Liberty State Park’s Empty Sky Memorial is a sobering corridor facing downtown Manhattan. Taking a moment of stillness between the walls of names, I saw some other visitors doing the same thing.
From New Jersey’s Liberty State Park, the view of downtown Manhattan is unimpeded. The view extends all the way up to Midtown and landmarks like the Empire State and Chrysler Buildings. With nothing but the water’s reflections between me and the skyline, there’s an odd calmness to a multimillion-person city.
There are many ways to define the seasons, with varying degrees of usefulness. (Solstices and equinoxes seem to have only the thinnest connection with the weather.) Perhaps the most valuable differentiation between times of the year is when one can reasonably be out on the water: “Spring” is that first moment when an afternoon in a canoe doesn’t sound miserable.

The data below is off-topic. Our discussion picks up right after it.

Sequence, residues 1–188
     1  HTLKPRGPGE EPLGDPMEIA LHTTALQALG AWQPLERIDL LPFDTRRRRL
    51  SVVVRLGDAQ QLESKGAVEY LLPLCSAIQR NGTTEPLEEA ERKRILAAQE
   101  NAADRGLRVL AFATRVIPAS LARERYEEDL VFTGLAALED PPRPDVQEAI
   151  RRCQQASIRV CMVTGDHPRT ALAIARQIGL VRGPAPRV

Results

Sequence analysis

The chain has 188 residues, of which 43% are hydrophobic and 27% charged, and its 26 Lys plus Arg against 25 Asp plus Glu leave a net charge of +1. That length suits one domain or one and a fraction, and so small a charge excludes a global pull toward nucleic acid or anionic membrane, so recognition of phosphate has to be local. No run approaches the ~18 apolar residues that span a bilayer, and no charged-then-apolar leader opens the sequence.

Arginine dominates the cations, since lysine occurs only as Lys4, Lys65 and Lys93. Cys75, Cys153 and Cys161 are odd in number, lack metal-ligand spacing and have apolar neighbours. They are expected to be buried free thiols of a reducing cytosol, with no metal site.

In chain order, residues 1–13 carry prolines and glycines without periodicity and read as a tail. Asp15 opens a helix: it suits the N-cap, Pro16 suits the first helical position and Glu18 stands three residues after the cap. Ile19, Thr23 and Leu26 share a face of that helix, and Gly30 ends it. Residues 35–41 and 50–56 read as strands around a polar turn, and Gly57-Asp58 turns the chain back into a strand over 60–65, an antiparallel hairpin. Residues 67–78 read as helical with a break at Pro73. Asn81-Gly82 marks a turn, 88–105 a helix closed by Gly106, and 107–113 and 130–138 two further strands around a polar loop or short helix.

Mid-March shift from my most photographically productive time on the West Coast (amazing sunsets, end of the rainy season, etc.) to my least in the East (dirty snow, still-bare trees, sandy roads). I’ve been trying to find more beauty in the pre- and post-winter “stick seasons,” examining the shapes revealed when leaves and snow can’t hide branches. Though I’m not yet convinced to do anything more than grudgingly accept its necessity, but it led to some pretty dramatic reflections at Mohonk Mountain House.
No offense to Salesforce, but the rainbow sunset reflections off the curved surface of their tower seem to fit much better with a building named “Transbay Tower”—particularly when it sits on the skyline near the Transamerica Pyramid. The darkened and humble shape of Alcatraz in the foreground makes for an appropriate memento mori to San Francisco’s grand architecture.